Post your results here! Did you use other plants for this activity? What results did you get? Send observations and photos to [email protected].

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To contact us: Phone: +632-928-2621 to 24 Ext. 21 Fax: +632-928-2625 Email: [email protected]

Light and Oxygen Production

The amount of light is directly proportional to the rate of photosynthesis.

Activity 2: Light and Rate of Photosynthesis Home

Investigating Photosynthesis

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In this activity, we investigated how the amount of illumination affects the rate of photosynthesis in the hydrilla plant. We used hydrilla in direct sunlight, under the shade, and in a dark corner of the room. We counted the number of bubbles produced per minute by the hydrilla in each of these locations. The data we collected are shown on the table below. The relationship between the amount of light and the number of bubbles produced are shown on the graph: 40

Illum ination and Oxygen Production

35

30

25

trend line

20

15

10

5

0 i n a dar k cor ner of the r oom

i n shade (i ndi r ect sunl i ght)

under di r ect sunl i ght

A m o unt o f Light

Click to see video of bubble escaping from the hydrilla plant.

Amount of light

No. of bubbles produced per minute Trial Trial Trial Trial Trial Trial Trial Trial 1 2 3 4 5 6 7 8

in a dark corner of the room

0

0

0

0

0

0

0

0

in shade (indirect sunlight)

14

19

16

19

18

18

16 17

under direct sunlight 38

35

33

29

34

33

30 36

Conclusions: 1. The number of bubbles (that is oxygen) released by the hydrilla is directly proportional to the amount of light to which it is exposed. [When the hydrilla is exposed to more light, more bubbles are released.] 2. The number of bubbles is directly proportional to the rate of photosynthesis. [The greater the number of bubbles released by the plant (representing O2) the faster is the photosynthetic rate.] Post your results here! Do you want your results posted here? Send your tables, pictures and video clips to [email protected] Home | Investigating Photosynthesis | Media Gallery | Related Links To contact us: Phone: +632-928-2621 to 24 Ext. 21 Fax: +632-928-2625 Email: [email protected]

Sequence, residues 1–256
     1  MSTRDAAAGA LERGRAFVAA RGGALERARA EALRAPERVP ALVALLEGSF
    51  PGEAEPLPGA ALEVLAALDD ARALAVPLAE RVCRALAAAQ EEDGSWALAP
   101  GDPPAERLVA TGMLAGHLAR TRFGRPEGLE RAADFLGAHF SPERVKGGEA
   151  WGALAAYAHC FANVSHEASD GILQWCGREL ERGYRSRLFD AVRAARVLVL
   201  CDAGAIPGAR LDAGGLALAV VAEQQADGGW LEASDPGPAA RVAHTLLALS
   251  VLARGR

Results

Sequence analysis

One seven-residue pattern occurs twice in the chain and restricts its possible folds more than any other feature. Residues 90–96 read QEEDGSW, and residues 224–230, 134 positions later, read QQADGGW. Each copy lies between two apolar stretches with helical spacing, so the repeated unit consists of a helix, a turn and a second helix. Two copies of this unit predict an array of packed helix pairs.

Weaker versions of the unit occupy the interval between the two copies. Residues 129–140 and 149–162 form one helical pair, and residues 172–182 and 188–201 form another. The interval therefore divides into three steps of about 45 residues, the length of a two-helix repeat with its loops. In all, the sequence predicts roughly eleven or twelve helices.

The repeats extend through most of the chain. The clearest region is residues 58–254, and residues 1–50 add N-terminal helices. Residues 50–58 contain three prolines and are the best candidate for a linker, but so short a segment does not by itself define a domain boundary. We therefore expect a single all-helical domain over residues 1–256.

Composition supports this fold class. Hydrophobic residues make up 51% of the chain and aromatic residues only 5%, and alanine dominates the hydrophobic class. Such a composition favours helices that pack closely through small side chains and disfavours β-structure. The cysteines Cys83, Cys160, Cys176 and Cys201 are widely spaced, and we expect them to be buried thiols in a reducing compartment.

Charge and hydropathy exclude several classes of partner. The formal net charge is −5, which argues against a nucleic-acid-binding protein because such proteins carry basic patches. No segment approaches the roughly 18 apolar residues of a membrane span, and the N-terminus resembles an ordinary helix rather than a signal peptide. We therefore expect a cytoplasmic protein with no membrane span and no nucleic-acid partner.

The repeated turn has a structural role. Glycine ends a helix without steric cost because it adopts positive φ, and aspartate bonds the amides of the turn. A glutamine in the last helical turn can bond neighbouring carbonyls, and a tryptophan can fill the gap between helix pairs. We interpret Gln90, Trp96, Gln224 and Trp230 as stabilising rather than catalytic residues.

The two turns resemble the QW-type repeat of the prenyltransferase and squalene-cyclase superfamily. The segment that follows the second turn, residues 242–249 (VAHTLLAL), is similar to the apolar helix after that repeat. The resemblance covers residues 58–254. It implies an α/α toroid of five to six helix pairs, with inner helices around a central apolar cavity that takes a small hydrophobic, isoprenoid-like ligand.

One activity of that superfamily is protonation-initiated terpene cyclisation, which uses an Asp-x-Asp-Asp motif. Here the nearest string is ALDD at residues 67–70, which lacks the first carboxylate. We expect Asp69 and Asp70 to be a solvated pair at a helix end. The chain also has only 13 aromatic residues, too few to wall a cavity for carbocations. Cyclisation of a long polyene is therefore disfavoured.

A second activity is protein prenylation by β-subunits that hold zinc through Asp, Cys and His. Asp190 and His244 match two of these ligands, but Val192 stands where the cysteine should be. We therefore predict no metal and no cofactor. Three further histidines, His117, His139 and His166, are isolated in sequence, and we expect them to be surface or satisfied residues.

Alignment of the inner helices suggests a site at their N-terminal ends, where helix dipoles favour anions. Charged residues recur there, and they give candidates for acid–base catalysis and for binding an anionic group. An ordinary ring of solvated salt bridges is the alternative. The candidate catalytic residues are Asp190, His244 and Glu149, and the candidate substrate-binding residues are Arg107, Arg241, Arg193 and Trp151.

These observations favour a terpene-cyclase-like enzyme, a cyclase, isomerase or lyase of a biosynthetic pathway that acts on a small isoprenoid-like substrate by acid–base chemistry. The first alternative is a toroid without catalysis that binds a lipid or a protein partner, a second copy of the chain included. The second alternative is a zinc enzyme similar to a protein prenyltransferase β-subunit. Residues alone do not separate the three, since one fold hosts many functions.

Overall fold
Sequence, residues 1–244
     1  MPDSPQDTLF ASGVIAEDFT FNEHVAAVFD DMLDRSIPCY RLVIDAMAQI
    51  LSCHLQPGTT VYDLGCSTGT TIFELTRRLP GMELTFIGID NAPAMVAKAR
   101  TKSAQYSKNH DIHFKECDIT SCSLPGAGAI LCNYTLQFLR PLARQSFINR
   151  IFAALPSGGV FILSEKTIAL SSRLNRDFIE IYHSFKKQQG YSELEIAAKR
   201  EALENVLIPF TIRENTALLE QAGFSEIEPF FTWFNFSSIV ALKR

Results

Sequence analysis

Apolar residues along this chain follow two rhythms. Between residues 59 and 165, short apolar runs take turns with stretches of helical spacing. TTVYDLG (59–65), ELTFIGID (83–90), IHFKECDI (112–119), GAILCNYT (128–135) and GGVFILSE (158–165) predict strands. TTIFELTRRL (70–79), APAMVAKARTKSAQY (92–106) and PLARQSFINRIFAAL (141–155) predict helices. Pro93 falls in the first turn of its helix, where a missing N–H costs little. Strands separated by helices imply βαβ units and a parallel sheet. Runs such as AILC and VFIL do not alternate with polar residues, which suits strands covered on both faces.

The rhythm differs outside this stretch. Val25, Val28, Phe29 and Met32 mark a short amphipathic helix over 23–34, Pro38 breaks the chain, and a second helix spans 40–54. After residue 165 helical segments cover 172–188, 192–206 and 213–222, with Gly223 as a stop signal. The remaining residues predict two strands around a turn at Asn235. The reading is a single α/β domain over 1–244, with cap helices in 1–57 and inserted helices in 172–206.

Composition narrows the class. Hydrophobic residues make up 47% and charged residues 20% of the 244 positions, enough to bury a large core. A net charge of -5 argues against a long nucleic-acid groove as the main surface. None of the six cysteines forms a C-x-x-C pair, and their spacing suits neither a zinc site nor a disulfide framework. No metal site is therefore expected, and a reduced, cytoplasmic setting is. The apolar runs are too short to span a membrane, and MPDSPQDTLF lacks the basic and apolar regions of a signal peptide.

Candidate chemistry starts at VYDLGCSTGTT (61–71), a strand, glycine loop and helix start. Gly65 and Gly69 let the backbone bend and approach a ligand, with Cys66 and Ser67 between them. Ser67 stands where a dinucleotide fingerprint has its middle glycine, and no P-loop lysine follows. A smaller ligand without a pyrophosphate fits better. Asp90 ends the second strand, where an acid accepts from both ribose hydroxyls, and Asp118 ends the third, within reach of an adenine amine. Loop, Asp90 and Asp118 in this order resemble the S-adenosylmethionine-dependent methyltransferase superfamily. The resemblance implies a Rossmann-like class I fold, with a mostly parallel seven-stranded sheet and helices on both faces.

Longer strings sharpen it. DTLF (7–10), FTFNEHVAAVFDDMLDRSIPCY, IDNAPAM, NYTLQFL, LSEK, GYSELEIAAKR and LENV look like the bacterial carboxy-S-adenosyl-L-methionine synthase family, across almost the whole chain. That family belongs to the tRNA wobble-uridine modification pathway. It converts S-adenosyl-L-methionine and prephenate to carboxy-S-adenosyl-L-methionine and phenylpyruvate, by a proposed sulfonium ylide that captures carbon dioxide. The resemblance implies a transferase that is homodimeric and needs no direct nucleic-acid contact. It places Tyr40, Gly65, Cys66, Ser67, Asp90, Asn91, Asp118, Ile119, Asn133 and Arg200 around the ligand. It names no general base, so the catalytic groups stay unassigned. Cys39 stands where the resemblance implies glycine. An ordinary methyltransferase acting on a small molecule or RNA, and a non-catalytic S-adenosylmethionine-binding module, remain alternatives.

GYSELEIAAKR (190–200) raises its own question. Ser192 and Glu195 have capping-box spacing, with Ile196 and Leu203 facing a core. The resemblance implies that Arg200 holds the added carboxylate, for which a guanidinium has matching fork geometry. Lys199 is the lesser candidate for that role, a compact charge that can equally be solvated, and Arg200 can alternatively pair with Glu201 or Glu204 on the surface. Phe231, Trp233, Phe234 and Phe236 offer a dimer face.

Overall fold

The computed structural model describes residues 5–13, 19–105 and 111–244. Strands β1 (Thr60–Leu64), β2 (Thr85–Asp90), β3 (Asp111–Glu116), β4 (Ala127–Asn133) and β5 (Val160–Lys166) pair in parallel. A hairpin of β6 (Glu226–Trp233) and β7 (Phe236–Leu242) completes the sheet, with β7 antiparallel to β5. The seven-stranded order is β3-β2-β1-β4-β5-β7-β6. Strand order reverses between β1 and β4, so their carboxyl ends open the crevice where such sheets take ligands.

Media Gallery Home

Investigating Photosynthesis

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We took these pictures and video clips when we investigated photosynthesis. To get a full view, just click on a thumbnail. Please take note of the file size and estimated download time before you click.

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Chloroplasts of Hydrilla 10.31 KB; 5 sec @ 28.8 kbps

Hydrilla under the shade 10.96 KB, 5 sec @ 28.8 kbps

Hydrilla in direct sunlight 15.13 KB; 6 sec @ 28.8 kbps

Hydrilla in a dark corner of the room 7.897 KB; 4 sec @ 28.8 kbps

Bubbles of Hydrilla in direct sunlight AVI Video clip; 196 KB

Mayana plant exposed to sunlight

Bubbles of Hydrilla under the shade AVI video clip; 61 KB

Mayana plant kept inside the room

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Test for starch in the Mayana leaf exposed to sunlight

Test for starch in the Mayana leaf kept inside the room

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Add your pictures and videos! If you got pictures and video clips, send them to [email protected] and we will post them here.

Home | Investigating Photosynthesis | Media Gallery | Related Links

To contact us: Phone: +632-928-2621 to 24 Ext. 21 Fax: +632-928-2625 Email: [email protected]

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Investigating Photosynthesis

We found the following sites interesting. You may want to them to know more about photosynthesis.

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http://www.emc.maricopa.edu/faculty/ farabee/BIOBK/BioBookPS.html The webpage gives detailed information about the structure of choloroplast and the interaction occurring in them.

http://www.ftexploring.com/photosyn/ chloroplast.html The webpage gives detailed information about the structure of choloroplast and the interactions occurring in them

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To contact us: Phone: +632-928-2621 to 24 Ext. 21 Fax: +632-928-2625 Email: [email protected]